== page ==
• Display the image array using matplotlib. Change the interpolation method and zoom to see the difference.
  • Transform your image to greyscale
  • Increase the contrast of the image by changing its minimum and maximum values. Optional: use scipy.stats.scoreatpercentile (read the docstring!) to saturate 5% of the darkest pixels and 5% of the lightest pixels.
  • Save the array to two different file formats (png, jpg, tiff)
../../_images/scikit_image_logo.png

2.6.3.2. Geometrical transformations

>>> face = misc.face(gray=True)
>>> lx, ly = face.shape
>>> # Cropping
>>> crop_face = face[lx / 4: - lx / 4, ly / 4: - ly / 4]
>>> # up <-> down flip
>>> flip_ud_face = np.flipud(face)
>>> # rotation
>>> rotate_face = ndimage.rotate(face, 45)
>>> rotate_face_noreshape = ndimage.rotate(face, 45, reshape=False)
../../_images/sphx_glr_plot_geom_face_001.png

[Python source code]

2.6.4. Image filtering

Local filters: replace the value of pixels by a function of the values of neighboring pixels.

Neighbourhood: square (choose size), disk, or more complicated structuring element.

../../_images/kernels.png

2.6.4.1. Blurring/smoothing

Gaussian filter from scipy.ndimage:

>>> from scipy import misc
>>> face = misc.face(gray=True)
>>> blurred_face = ndimage.gaussian_filter(face, sigma=3)
>>> very_blurred = ndimage.gaussian_filter(face, sigma=5)

Uniform filter

>>> local_mean = ndimage.uniform_filter(face, size=11)
../../_images/sphx_glr_plot_blur_001.png

[Python source code]

2.6.4.2. Sharpening

Sharpen a blurred image:

>>> from scipy import misc
>>> face = misc.face(gray=True).astype(float)
>>> blurred_f = ndimage.gaussian_filter(face, 3)

increase the weight of edges by adding an approximation of the Laplacian:

>>> filter_blurred_f = ndimage.gaussian_filter(blurred_f, 1)
>>> alpha = 30
>>> sharpened = blurred_f + alpha * (blurred_f - filter_blurred_f)
../../_images/sphx_glr_plot_sharpen_001.png

[Python source code]

2.6.4.3. Denoising

Noisy face:

>>> from scipy import misc
>>> f = misc.face(gray=True)
>>> f = f[230:290, 220:320]
>>> noisy = f + 0.4 * f.std() * np.random.random(f.shape)

A Gaussian filter smoothes the noise out... and the edges as well:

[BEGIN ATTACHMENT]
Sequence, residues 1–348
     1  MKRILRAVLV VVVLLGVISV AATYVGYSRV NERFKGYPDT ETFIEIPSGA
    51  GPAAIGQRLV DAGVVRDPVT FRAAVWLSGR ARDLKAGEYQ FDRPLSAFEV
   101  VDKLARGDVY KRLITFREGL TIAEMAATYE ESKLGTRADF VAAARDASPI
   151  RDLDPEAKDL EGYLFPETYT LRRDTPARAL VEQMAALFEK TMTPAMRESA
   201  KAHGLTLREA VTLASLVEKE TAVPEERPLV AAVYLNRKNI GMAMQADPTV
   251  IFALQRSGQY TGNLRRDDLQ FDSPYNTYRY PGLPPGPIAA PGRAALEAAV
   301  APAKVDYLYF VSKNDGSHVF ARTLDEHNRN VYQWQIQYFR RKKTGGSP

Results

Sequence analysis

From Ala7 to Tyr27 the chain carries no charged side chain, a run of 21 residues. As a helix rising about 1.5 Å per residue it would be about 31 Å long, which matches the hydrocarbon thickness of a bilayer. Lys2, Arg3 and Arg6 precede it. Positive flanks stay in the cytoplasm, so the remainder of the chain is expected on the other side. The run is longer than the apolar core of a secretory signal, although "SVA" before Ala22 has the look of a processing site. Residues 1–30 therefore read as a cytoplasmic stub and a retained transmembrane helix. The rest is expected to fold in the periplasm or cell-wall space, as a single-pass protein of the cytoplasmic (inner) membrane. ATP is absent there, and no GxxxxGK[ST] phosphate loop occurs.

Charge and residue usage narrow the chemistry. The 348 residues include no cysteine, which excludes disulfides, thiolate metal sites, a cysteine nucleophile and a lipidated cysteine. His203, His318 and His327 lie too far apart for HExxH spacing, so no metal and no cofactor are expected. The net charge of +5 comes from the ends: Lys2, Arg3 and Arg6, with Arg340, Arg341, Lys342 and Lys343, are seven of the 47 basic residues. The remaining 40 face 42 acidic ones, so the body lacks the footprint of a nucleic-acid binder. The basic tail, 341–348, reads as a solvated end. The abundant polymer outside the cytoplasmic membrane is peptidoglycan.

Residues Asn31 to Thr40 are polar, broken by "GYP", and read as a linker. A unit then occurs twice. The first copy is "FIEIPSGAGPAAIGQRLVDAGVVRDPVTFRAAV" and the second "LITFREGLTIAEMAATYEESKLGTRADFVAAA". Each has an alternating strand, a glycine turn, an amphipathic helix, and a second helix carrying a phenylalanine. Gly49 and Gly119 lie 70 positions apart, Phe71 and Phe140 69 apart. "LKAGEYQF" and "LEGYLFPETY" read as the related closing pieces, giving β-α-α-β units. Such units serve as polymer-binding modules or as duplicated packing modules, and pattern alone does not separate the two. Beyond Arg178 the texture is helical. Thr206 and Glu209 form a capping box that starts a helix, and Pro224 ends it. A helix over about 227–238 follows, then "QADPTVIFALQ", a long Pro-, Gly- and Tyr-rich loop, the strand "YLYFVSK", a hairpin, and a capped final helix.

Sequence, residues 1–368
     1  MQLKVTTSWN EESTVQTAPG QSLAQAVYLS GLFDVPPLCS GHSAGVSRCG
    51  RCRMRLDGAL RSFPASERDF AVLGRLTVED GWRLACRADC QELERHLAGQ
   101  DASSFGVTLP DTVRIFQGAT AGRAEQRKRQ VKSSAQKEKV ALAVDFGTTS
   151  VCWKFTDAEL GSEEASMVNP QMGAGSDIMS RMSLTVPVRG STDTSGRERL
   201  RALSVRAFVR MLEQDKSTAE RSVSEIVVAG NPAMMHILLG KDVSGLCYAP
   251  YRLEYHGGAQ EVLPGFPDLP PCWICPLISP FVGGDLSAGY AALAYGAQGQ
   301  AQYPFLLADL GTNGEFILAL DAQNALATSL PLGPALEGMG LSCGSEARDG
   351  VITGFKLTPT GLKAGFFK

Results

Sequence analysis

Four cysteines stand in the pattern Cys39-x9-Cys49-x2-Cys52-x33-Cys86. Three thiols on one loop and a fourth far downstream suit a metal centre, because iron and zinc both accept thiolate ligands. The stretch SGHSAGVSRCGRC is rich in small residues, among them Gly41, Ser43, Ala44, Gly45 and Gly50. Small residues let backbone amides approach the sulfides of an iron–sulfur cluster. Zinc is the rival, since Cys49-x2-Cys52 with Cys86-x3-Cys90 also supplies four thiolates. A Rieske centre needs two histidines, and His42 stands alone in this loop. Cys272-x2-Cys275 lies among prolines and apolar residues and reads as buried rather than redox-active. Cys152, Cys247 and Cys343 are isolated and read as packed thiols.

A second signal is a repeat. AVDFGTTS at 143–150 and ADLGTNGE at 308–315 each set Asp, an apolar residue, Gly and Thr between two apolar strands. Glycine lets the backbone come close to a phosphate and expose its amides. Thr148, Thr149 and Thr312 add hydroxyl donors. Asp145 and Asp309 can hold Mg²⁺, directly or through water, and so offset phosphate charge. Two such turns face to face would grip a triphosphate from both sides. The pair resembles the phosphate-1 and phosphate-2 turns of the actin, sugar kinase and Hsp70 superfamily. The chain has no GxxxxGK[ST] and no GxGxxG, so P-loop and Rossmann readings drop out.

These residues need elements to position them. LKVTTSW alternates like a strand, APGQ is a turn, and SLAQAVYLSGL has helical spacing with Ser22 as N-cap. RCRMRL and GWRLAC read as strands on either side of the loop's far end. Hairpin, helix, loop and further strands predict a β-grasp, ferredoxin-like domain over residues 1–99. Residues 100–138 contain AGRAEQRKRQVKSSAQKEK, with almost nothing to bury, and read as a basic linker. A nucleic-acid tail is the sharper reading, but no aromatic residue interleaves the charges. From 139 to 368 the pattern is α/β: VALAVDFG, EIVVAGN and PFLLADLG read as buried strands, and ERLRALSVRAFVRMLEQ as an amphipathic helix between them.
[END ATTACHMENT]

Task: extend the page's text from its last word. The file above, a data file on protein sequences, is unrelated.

>>> gauss_denoised = ndimage.gaussian_filter(noisy, 2)

Most local linear isotropic filters blur the image (ndimage.uniform_filter)

A median filter preserves better the edges:

>>> med_denoised = ndimage.median_filter(noisy, 3)
../../_images/sphx_glr_plot_face_denoise_001.png

[Python source code]

Median filter: better result for straight boundaries (low curvature):

>>> im = np.zeros((20, 20))
>>> im[5:-5, 5:-5] = 1
>>> im = ndimage.distance_transform_bf(im)
>>> im_noise = im + 0.2 * np.random.randn(*im.shape)
>>> im_med = ndimage.median_filter(im_noise, 3)
../../_images/sphx_glr_plot_denoising_001.png

[Python source code]

Other rank filter: ndimage.maximum_filter, ndimage.percentile_filter

Other local non-linear filters: Wiener (scipy.signal.wiener), etc.

Non-local filters

Exercise: denoising

  • Create a binary image (of 0s and 1s) with several objects (circles, ellipses, squares, or random shapes).
  • Add some noise (e.g., 20% of noise)
  • Try two different denoising methods for denoising the image: gaussian filtering and median filtering.
  • Compare the histograms of the two different denoised images. Which one is the closest to the histogram of the original (noise-free) image?

See also

More denoising filters are available in skimage.denoising, see the Scikit-image: image processing tutorial.

2.6.4.4. Mathematical morphology

See wikipedia for a definition of mathematical morphology.

Probe an image with a simple shape (a structuring element), and modify this image according to how the shape locally fits or misses the image.

Structuring element:

>>> el = ndimage.generate_binary_structure(2, 1)
>>> el
array([[False, True, False],
[ True, True, True],
[False, True, False]], dtype=bool)
>>> el.astype(np.int)
array([[0, 1, 0],
[1, 1, 1],
[0, 1, 0]])
../../_images/diamond_kernel.png

Erosion = minimum filter. Replace the value of a pixel by the minimal value covered by the structuring element.:

>>> a = np.zeros((7,7), dtype=np.int)
>>> a[1:6, 2:5] = 1
>>> a
array([[0, 0, 0, 0, 0, 0, 0],
[0, 0, 1, 1, 1, 0, 0],
[0, 0, 1, 1, 1, 0, 0],
[0, 0, 1, 1, 1, 0, 0],
[0, 0, 1, 1, 1, 0, 0],
[0, 0, 1, 1, 1, 0, 0],
[0, 0, 0, 0, 0, 0, 0]])
>>> ndimage.binary_erosion(a).astype(a.dtype)
array([[0, 0, 0, 0, 0, 0, 0],
[0, 0, 0, 0, 0, 0, 0],
[0, 0, 0, 1, 0, 0, 0],
[0, 0, 0, 1, 0, 0, 0],
[0, 0, 0, 1, 0, 0, 0],
[0, 0, 0, 0, 0, 0, 0],
[0, 0, 0, 0, 0, 0, 0]])
>>> #Erosion removes objects smaller than the structure
>>> ndimage.binary_erosion(a, structure=np.ones((5,5))).astype(a.dtype)
array([[0, 0, 0, 0, 0, 0, 0],